Long Walk Home

There are those moments that we simply can't explain. Sometimes those moments are catapulted by music, art, something said, something felt. But whatever brings on those moments, we know it when they're present.

This morning on the long walk to work, I decided to listen to Bruce Springsteen's recent performance at the Count Basie Theatre in Red Bank, New Jersey. This is now a historic show in the Springsteen canon, as not only did Bruce and the E Street Band perform before a mere 1500 people, but they performed Darkness on the Edge of Town and Born To Run in their entirety. Ticket prices were steep, but every penny went to restoring the Count Basie Theatre.

Instead of skipping right to the music, I listened to the 12-minute opener. Patti Scialfa spoke about the importance of the theatre and how for tens of years, the Count Basie had been a staple in her life. Then Brian Williams of NBC News took the stage and told some unreal stories about growing up in Jersey. The chills began to set in. Then came the mention of Danny Federici. I felt the emotion growing. The moment had arrived. Then Williams said, "I'm told this is the boss' mike. This is the first and last time that this will ever happen. Ladies and gentleman, Bruce Springsteen and the E Street Band". The crowd absolutely erupted. My throat tightened, my eyes welled up and I literally had no idea where I was standing. I could've walked two miles past my office and I would've had no idea. My entire body and spirit was in a place not my own. I felt connected to the world, yet completely outside of myself.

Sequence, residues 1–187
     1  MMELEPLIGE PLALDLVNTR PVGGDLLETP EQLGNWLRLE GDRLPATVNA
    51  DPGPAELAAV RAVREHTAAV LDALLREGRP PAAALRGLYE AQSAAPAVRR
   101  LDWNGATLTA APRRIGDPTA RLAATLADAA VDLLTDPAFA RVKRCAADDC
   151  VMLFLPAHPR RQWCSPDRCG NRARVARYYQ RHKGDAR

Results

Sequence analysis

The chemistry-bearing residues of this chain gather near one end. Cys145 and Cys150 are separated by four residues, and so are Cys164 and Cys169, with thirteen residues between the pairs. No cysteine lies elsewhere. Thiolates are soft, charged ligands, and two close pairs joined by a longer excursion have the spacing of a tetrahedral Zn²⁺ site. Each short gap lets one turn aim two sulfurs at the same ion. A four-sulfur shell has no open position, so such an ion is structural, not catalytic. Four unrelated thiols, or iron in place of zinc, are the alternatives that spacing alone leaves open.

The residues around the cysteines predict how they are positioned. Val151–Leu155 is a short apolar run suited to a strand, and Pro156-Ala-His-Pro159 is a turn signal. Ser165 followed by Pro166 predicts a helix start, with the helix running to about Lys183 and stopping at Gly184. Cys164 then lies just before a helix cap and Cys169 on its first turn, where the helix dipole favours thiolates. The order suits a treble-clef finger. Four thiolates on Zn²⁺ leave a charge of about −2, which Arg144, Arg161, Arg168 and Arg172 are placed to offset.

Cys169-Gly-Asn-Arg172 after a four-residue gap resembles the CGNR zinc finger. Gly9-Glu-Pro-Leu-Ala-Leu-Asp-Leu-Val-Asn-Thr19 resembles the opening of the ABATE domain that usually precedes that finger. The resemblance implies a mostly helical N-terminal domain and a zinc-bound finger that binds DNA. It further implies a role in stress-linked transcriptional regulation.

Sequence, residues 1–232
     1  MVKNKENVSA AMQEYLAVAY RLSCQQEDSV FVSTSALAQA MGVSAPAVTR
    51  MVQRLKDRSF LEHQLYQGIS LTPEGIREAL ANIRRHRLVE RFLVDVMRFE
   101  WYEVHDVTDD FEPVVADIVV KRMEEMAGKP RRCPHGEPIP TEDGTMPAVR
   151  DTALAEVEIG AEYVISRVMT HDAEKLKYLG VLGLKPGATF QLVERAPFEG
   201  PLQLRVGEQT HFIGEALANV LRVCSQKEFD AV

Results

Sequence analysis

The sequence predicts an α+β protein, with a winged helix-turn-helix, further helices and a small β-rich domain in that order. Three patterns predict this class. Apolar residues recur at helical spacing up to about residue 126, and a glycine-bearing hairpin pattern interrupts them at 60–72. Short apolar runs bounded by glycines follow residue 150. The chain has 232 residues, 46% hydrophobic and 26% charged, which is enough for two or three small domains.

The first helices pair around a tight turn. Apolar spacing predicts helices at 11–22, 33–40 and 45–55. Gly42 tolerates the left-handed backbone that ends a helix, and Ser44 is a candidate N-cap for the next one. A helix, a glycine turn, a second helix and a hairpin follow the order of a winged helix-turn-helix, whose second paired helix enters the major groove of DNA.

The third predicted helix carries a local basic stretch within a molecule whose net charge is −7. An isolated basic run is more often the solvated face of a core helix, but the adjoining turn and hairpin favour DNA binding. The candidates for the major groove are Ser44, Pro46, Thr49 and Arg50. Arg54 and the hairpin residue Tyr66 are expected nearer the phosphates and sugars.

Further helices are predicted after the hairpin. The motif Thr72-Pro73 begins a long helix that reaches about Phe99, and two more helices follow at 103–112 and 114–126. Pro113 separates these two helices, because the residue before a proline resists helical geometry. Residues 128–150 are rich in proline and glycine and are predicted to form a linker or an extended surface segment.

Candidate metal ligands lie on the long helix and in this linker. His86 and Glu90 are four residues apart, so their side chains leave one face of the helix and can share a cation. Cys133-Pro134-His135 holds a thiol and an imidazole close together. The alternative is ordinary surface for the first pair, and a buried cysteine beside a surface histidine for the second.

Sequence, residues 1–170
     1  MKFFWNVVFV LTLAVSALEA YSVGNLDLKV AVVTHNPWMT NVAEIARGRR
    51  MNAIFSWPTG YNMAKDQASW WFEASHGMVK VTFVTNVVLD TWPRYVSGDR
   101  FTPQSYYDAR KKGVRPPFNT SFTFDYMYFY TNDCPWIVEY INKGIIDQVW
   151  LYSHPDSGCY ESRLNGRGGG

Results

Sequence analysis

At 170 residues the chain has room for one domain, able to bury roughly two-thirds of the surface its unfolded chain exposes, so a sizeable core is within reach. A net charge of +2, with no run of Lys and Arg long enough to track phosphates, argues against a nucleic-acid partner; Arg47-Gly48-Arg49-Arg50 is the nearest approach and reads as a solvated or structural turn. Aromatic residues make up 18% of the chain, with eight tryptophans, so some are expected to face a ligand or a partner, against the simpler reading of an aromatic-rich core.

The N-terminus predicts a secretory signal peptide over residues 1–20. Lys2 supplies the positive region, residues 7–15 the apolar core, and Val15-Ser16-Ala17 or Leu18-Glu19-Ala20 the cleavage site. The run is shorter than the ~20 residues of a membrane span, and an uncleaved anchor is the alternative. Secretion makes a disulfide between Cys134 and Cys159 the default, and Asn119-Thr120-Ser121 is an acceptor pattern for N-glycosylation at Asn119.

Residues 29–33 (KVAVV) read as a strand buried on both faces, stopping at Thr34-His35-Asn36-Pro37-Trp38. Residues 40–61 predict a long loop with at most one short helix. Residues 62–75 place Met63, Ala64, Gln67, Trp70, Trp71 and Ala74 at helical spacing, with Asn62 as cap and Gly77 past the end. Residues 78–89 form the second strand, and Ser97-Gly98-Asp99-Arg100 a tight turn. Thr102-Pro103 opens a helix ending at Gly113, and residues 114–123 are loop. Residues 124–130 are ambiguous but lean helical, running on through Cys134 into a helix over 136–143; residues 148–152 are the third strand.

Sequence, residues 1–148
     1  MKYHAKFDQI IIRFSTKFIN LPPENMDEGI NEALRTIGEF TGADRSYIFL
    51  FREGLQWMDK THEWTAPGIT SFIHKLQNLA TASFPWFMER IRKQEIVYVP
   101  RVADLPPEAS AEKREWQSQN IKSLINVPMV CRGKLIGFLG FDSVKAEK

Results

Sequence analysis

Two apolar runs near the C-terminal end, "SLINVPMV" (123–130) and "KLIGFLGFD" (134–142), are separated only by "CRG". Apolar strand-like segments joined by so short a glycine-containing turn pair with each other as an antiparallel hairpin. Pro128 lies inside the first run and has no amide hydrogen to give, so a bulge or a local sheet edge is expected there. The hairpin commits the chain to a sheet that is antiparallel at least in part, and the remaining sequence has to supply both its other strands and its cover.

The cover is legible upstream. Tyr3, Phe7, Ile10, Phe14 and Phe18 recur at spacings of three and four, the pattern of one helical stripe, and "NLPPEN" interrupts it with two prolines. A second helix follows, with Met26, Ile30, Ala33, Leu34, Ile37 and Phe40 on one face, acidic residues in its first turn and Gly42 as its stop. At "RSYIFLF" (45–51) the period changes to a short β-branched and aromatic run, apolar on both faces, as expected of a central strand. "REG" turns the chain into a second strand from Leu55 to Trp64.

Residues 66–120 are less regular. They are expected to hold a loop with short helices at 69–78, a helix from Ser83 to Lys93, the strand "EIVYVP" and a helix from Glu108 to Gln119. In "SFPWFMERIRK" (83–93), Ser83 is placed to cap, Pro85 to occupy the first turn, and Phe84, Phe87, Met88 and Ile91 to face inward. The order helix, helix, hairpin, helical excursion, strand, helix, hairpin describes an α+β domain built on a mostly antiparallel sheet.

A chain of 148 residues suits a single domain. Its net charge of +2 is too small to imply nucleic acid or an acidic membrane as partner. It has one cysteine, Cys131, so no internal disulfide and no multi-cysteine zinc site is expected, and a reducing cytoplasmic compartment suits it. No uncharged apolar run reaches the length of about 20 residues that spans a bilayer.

Then came the music. And the stories. And then the memories. Not Bruce's memories, but my own. All of the years that I've spent listening to his records. All of the years that his music let me dream. Let me be someone else. Let me truly, and I mean TRULY, feel life. When Bruce and the band moved from Darkness into Born To Run, I realized how much Springsteen's music has not only inspired in me, but how much it has taught me. If I had to point to one person who's moved me to care about public policy, social equality and all of the, pardon the word, 'ideals' that I hold so dear, it would be Bruce Springsteen. His music is as much a part of my life as anything. It makes me realize how much I love my family, how important my friends are in my life, how lucky I am to stand beside the girl in my life. It's my dreams both lived and searched for. It's everything that I hold dear. And right then, I realized that the feeling had set in.

1 comments:

Jason said...

Chris,

Really beautiful moving post. Probably your best blog entry yet. Very inspiring. Although I'm not that big of a Bruce fan, I know exactly what you speak of inside my heart and the way certain artists have touched me in that way.

thanks for sharing,
Jason